— The Mutineers • Charles Boardman Hawes

... the girl down the companionway leading to the engine-room, and then I raised my pistol and fired my first shot at a boche. What happened in the next few seconds happened so quickly that details are rather blurred in my memory. I saw the helmsman lunge forward upon the wheel, pulling the helm around so that the tug sheered off quickly from her course, and I recall realizing that all our efforts were to be in vain, because of all the men aboard, Fate had decreed that this one should fall ...
— The Land That Time Forgot • Edgar Rice Burroughs

... captain said to the second officer, who was standing by the helmsman. "I want to edge in a little towards the brig, but not enough for them ...
— The Tiger of Mysore - A Story of the War with Tippoo Saib • G. A. Henty

... and as fortified from other sources. Of tireless energy and restless activity, and sternly intent upon making the Chickasaw second to none in the grand work demanded of the fleet, he imparted nerve and enthusiasm throughout the vessel; now in the pilot-house, looking after the helmsman; then in the forward turret, personally sighting the guns; anon on top of the ...
— The Bay State Monthly - Volume 1, Issue 4 - April, 1884 • Various

... the skipper swung on his heel. As he turned he caught sight of the cook at his galley door; his eyes next fell upon the motionless figure of the helmsman; with the one motion he shoved his head through the deckhouse window and swept a keen searching look around the interior. It was ...
— Gold Out of Celebes • Aylward Edward Dingle

... brass glistening on her prow, the white blades leaping in rhythm. Marines in armour stood on the forecastle. A few arrows pattered on the plankings of the Bozra. Her abject crew obeyed the demand to surrender. Their helmsman pushed over the steering-paddle, and flung himself upon the deck. The sea-mouse went up into the wind. The grappling-irons rattled over the bulwark. Glaucon heard the Phoenicians whining, "Mercy! mercy!" as ...
— A Victor of Salamis • William Stearns Davis

... for the scientist. Whatever the allurement of such reasoning, we must for the purpose of science let words have a specific meaning, nor must we let a mere word-jugglery blind us to the evidence of facts. That was the rock on which Greek science foundered; it is the rock which the modern helmsman sometimes finds it difficult to avoid. And if we mistake not, this case of the atom of Democritus is precisely a case in point. Because Democritus said that his atoms did not differ in quality, the modern philosopher has seen ...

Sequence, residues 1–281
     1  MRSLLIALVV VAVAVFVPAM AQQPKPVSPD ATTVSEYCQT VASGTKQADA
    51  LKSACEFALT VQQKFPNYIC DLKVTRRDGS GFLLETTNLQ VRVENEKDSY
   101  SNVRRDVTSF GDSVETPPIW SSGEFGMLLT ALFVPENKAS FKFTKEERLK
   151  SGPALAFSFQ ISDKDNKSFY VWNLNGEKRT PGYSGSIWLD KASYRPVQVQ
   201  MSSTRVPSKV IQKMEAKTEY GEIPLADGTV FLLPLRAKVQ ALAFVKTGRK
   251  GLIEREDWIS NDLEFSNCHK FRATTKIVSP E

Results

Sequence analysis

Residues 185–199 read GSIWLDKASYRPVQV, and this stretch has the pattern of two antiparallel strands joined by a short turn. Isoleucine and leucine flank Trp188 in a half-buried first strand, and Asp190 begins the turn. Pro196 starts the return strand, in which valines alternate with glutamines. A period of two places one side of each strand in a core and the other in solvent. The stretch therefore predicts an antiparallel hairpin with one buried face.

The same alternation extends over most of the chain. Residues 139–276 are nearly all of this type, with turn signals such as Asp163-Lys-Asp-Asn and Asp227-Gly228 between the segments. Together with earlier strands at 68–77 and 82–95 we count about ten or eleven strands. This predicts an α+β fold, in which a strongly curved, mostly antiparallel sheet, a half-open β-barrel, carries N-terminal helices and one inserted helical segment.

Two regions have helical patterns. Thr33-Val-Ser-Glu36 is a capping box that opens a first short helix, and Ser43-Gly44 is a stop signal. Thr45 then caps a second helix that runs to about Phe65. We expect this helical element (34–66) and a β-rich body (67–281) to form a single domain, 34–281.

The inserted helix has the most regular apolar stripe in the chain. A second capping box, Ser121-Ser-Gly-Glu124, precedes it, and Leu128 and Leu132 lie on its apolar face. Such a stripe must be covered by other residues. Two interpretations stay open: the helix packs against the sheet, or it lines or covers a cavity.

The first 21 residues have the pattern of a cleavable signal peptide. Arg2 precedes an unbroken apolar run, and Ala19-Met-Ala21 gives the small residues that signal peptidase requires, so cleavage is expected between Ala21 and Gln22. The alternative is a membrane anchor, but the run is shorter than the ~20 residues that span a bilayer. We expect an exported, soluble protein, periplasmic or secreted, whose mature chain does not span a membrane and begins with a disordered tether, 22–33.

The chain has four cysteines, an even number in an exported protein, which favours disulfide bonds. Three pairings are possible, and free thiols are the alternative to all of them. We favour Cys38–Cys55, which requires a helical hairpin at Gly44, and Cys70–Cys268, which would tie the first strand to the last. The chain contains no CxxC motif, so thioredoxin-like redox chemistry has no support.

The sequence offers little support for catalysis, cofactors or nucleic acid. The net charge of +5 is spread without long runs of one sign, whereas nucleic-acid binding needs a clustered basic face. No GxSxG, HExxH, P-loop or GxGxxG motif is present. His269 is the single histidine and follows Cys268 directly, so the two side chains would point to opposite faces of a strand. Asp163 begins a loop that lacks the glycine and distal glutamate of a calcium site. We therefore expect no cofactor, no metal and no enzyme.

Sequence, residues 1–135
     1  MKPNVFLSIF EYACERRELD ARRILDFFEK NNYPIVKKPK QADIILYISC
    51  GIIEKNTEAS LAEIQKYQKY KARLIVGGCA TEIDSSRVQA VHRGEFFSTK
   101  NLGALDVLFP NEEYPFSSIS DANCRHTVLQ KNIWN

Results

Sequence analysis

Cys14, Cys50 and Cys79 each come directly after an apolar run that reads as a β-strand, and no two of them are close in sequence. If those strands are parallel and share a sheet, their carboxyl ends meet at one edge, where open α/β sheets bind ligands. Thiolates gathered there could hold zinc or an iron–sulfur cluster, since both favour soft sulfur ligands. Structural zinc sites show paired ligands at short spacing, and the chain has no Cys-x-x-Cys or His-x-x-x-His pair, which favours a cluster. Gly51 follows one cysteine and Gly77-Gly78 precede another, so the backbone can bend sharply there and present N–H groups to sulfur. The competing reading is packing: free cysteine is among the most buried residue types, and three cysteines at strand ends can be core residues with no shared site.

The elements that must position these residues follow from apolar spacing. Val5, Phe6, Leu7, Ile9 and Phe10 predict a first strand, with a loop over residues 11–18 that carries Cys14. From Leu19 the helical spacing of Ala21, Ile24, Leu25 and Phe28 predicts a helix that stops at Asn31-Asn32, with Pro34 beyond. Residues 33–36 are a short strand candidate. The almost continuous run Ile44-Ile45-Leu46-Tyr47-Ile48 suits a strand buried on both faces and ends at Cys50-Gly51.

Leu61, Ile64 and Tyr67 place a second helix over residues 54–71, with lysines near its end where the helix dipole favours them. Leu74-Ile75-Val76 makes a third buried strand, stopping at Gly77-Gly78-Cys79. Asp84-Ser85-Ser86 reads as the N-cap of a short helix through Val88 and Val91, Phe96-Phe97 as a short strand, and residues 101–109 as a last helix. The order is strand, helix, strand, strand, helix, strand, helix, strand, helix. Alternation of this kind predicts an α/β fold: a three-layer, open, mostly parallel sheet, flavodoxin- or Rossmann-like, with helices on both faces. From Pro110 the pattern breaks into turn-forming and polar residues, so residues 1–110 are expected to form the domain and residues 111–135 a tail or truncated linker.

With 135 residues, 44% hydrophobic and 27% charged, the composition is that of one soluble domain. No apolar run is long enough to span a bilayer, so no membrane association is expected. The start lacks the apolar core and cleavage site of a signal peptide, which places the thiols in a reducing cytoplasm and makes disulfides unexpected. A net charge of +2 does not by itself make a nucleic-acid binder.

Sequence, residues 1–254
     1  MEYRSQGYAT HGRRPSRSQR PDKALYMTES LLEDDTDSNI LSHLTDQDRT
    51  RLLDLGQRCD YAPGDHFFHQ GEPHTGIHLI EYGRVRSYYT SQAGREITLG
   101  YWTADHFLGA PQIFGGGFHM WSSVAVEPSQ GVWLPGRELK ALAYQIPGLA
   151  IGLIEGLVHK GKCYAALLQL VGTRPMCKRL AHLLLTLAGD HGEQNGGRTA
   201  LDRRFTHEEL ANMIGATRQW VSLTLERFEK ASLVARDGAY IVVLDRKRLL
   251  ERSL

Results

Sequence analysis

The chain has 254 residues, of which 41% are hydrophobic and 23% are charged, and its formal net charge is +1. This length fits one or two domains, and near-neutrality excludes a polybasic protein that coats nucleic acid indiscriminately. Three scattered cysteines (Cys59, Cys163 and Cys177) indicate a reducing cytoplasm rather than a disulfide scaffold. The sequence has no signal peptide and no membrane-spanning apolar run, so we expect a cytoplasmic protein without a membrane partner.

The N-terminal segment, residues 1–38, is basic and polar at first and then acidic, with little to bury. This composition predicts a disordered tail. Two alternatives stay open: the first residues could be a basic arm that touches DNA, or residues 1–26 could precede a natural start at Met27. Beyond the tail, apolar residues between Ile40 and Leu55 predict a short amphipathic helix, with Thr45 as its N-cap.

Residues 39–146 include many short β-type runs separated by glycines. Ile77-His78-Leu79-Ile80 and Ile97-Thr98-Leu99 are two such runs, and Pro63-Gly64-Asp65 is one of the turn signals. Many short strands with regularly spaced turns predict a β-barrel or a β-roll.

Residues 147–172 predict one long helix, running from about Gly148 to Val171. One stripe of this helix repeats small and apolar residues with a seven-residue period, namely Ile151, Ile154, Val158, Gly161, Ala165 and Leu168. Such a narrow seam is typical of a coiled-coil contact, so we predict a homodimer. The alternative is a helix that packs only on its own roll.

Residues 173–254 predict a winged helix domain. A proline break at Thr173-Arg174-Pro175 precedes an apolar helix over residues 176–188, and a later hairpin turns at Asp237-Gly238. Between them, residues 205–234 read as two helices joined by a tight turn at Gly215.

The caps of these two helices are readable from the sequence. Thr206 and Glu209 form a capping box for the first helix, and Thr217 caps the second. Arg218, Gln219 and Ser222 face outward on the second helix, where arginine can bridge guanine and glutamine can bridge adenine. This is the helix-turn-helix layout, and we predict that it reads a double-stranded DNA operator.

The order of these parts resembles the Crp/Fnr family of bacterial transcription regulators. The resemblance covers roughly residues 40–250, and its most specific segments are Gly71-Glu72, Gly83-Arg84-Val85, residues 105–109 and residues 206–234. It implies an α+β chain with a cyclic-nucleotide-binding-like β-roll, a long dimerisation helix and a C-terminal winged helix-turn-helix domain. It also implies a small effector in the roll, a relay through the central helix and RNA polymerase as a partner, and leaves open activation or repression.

— A History of Science, Volume 1(of 5) • Henry Smith Williams

... had now nearly reached the ground where she was to anchor, and so the seamen on the forecastle took in the foresail, which had been spread during the voyage, and the helmsman put down the helm. The head of the steamer then slowly came round till it pointed in a direction parallel to the shore. This carried the boats and the pier somewhat out of view from the place where Mr. George and ...
— Rollo in Holland • Jacob Abbott

... dropped astern, and the ARLA was sliding along through a summer sea toward the wooded ranges of Malaita. The helmsman who so attracted Bertie's eyes sported a ten penny nail, stuck skewerwise through his nose. About his neck was a string of pants buttons. Thrust through holes in his ears were a can opener, the broken handle of a toothbrush, a clay pipe, the brass wheel of ...
— South Sea Tales • Jack London

... standing beside the helmsman, and gazing anxiously across the waters at the rocks that fringed the narrow entrance to the bay a few hundred yards to the east of Castle Kussnacht. This bay was the only spot for miles along the shore ...
— William Tell Told Again • P. G. Wodehouse

... helmsman, who was boatman enough to understand the nautical phrase, and even to handle the craft under the direction of a more ...
— Watch and Wait - or The Young Fugitives • Oliver Optic

... water, Enjoin nothing better on wife, son, and daughter; But surely with some it is merely for thrift, That they out off the wine, and with water make shift, Although they profess the self-sacrifice made As dread of intemperance makes them afraid. And so, like a helmsman too quick with his tiller, Eschewing Charybdis they steer upon Scylla, To perish of utter intemperance—Yes! The victims ...
— My Life as an Author • Martin Farquhar Tupper